For the past four weeks, I have been wandering in circles. I’m a strange woman in a familiar place, trying to convince herself that she can belong here again. The weekends, in particular, have been yawning vessels of time I am desperate to fill, afraid of where my mind will wander if it’s not full of chatter, how gnarled my hands may twist if they are not subject to a myriad of distractions. Eat here, shop on the other side of town. Pick this up here, that there, let my GPS twist me up and down Burnside and Sandy to McLoughlin and the labyrinth of Ladd’s Circle.
I gravitate toward my old, familiar beats. My favorite teriyaki shop in Wilsonville. Nordstrom Rack in Clackamas. New Seasons in Lake Oswego. I turn onto the road to my house without remembering that someone else lives there now; stocking my fridge with their food, claiming my address as theirs. I try to make up reasons to come to these places that still feel, after a year and a half packed with upheaval and certainty in my own sphere, unmarred. Peet’s Coffee in Bridgeport still charges $3.75 for my nonfat, sugar free vanilla latte. Whole Foods has my favorite curry paste. The vacant bar on the corner of my old town still hasn’t been rented out.
My head is too busy to make sense of my zig zags, my total lack of logic, it does not ask why I’ve driven an hour into inner northeast for an ice cream cone. It is too busy sifting through the charred wreckage I’ve made of my life. Taking notes, counting casualties, recalculating the cost. Calling for backup. My heart takes over, and it is all over the place.
This morning, I didn’t drive to the grocery store five minutes from the house I was staying. I didn’t process that all I wanted was a pint of berries and some yogurt for breakfast, and there was a farmer’s market on the main road. Even when I knew I wanted to go to New Seasons, I didn’t care about the five other, closer locations I passed on the way to the one I wanted to be at, the first one I was ever at—New Seasons Concordia District.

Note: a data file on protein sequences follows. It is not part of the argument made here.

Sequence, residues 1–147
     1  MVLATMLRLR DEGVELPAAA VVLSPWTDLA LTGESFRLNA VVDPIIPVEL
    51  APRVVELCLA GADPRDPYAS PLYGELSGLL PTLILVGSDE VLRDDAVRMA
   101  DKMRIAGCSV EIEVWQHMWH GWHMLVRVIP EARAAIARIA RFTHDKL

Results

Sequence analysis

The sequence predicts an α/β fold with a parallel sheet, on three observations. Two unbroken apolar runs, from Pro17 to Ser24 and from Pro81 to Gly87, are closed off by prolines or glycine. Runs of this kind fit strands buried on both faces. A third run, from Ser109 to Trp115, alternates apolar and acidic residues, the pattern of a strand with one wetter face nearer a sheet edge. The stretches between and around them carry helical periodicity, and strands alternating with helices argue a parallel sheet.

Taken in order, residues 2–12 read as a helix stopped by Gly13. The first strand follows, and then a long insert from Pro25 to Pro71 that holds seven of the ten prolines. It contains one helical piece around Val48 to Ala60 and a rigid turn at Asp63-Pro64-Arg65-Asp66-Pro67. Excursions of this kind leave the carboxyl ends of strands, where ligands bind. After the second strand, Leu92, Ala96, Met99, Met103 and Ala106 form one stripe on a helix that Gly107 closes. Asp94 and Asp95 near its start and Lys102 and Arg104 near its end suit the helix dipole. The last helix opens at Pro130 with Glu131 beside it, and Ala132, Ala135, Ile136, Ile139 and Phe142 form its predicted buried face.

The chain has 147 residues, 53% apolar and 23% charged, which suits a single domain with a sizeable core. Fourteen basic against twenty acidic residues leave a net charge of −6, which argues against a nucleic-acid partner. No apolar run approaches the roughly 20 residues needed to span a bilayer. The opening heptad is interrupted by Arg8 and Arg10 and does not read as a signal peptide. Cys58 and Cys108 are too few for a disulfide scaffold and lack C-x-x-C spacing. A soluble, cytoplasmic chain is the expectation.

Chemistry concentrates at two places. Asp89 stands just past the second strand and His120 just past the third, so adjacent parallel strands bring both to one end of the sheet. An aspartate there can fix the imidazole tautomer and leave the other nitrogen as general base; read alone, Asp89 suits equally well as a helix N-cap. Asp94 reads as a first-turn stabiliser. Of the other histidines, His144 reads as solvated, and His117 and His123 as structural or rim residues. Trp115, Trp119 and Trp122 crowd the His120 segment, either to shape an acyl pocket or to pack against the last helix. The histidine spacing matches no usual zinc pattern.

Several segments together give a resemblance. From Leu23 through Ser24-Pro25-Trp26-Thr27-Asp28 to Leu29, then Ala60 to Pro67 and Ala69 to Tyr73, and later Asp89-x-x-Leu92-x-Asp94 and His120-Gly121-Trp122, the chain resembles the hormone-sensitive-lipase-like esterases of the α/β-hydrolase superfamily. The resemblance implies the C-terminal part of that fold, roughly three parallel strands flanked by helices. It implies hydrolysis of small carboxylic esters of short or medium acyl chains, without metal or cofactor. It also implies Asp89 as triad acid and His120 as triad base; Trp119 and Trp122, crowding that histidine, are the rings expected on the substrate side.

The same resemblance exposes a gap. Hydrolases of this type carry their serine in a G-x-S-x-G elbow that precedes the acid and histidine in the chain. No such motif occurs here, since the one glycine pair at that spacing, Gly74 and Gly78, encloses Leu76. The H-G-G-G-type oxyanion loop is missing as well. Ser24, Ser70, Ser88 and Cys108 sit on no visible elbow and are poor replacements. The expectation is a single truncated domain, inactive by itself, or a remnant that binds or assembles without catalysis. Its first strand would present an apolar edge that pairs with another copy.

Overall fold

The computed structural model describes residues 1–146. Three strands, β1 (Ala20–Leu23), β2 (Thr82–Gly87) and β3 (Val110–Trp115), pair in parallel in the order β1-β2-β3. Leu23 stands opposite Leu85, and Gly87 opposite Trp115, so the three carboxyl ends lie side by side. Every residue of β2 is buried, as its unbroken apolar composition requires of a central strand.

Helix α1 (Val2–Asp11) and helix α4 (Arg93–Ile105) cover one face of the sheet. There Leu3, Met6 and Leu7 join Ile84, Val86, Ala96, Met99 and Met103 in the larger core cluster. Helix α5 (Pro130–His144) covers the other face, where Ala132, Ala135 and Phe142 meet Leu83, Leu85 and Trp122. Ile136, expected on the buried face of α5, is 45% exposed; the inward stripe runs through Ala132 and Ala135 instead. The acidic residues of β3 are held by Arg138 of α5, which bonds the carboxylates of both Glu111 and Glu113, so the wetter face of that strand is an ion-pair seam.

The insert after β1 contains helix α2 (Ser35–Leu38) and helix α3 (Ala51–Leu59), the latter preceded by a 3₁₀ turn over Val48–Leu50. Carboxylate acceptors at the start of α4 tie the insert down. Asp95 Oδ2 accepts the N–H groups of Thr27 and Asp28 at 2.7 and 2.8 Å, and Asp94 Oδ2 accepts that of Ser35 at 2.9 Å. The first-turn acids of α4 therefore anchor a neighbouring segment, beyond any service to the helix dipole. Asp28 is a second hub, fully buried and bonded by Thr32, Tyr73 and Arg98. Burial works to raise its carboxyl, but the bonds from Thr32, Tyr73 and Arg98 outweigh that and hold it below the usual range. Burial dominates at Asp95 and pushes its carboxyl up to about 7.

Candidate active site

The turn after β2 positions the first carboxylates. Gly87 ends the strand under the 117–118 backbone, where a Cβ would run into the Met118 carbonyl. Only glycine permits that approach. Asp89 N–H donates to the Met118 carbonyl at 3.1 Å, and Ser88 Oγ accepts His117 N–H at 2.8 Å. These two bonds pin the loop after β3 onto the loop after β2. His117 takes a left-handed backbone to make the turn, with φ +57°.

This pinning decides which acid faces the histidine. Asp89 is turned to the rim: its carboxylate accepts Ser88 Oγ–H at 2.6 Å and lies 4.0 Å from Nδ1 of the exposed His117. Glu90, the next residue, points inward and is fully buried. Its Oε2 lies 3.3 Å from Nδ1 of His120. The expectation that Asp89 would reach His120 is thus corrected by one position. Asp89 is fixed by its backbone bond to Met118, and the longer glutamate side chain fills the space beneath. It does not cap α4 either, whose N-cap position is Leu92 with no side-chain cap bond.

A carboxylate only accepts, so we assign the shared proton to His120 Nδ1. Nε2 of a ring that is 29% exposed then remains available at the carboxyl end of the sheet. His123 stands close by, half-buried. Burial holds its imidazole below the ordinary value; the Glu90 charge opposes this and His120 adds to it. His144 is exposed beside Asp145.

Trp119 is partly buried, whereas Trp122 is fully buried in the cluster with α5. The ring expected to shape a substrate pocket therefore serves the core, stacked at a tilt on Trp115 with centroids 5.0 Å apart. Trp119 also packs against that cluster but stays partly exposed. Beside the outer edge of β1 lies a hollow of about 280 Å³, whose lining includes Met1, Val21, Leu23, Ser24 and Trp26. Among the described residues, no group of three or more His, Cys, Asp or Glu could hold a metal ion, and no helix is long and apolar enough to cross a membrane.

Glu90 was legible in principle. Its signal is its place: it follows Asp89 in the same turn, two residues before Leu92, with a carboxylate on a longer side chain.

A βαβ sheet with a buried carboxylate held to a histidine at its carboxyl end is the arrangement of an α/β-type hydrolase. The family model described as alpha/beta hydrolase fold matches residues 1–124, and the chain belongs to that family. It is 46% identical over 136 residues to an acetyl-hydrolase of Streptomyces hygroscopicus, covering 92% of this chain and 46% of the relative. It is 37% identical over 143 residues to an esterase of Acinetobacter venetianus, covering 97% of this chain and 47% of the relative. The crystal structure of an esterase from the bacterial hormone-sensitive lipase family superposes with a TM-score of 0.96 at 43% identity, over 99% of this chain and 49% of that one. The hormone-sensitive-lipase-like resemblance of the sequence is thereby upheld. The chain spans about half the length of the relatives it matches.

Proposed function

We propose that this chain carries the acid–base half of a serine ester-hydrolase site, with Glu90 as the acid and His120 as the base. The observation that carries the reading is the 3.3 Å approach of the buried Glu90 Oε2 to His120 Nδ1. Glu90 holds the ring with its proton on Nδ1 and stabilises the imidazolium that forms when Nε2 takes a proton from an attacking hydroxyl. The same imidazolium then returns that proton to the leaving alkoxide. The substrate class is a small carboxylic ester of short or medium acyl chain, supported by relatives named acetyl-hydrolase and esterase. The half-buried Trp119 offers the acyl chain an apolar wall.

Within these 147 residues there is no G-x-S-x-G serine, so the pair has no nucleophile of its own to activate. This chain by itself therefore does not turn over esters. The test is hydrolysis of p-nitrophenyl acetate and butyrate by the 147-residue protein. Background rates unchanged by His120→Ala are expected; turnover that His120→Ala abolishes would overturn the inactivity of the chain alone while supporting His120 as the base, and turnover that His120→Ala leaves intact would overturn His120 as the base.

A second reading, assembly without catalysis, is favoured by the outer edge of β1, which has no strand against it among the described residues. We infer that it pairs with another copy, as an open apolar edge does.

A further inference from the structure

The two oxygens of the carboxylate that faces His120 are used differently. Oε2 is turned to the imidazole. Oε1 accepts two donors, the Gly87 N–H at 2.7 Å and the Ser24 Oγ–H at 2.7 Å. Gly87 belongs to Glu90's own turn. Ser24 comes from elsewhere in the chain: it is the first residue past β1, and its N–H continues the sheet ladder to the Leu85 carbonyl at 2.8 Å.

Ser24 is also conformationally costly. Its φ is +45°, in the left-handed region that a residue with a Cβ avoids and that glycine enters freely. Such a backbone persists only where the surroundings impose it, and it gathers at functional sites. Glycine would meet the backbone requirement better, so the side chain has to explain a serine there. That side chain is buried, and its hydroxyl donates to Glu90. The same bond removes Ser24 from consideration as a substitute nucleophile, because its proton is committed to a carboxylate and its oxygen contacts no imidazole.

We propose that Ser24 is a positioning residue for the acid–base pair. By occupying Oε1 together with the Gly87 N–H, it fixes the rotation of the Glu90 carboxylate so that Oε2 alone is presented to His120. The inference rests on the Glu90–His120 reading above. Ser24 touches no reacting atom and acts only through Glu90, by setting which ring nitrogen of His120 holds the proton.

I used to come here ten years ago, and I would leave with little or nothing but the idea that this is who I wanted to be, a woman who grew up and shopped at New Seasons for yogurt and berries. I remember every so often buying one of the small flower arrangements or a make-your-own sandwich that I couldn’t afford, with money I have no idea how I came by, because I just couldn’t wait. I treasured these luxuries as postcards from a person I’d yet to become, a reassurance that somehow I would get there.
I followed that girl here, to the Concordia college campus, unrecognizable in chunks: the baseball field is now a lush green commons leading to a gigantic LEED-porn library full of daylighting windows and comfortable chairs, and rotating glass case exhibits on vanished Native American tribes and salmon runs. But Elizabeth Hall, my home for two years, has not been touched. I knew it hadn’t been, but something in me had to see it, had to feel that the place I’d been so lost is still standing.
The maple tree is here. The pine branches continue to sway outside of my window, its shades drawn. There are dragon flowers that are unfamiliar, but maybe because of the season. What matters still exists, the Elizabeth Hall bench, a sturdy port memorializing the building’s founding in 1958. It is covered in bird shit from the maple’s dwellers, and once school starts again, it will regain its moat of cigarette butts and ash. My smaller, more naïve ass spent hours on this bench. It sat here with a friend I’ve ceased speaking to. It puffed on clove cigarettes and paged through The Merc. It waited for strangers to roll through and pick me up, potential boyfriends who never committed to the role. I wept on this bench, on the phone to my mother who was too far to swoop in for someone who was too old to be saved.
Ten years ago, I was lost at this school. It wasn’t the right place for me to be. I had no tribe—I wasn’t a Christian or a soccer player, the main factions at what had been a small, intimate class. I had no idea who I was, and I scorned my decision every day to come here. I flew down I-5 to Portland chasing blurry dreams—new friends, love, a place of my own. A role I could fit. A chance to shine as brightly as I knew, deeply, I could.
This bench held my sorrow. It held me, convinced I had failed, that I was a disappointment to myself and everyone I’d ever known. I would become a cautionary tale instead of an inspiration. I ruined everything.
This bench held me on the afternoon when a man parked his silver Firebird in visitor parking, not knowing that he was about to meet his future wife. It held my last set of boxes I hauled out of Elizabeth Hall bound for my first apartment. It still stands in a city I’ve loved my entire life, from the childhood family vacations down to the coast up until right now, without my husband and my cats and my house, the one thing I know for certain is that yes, this is home.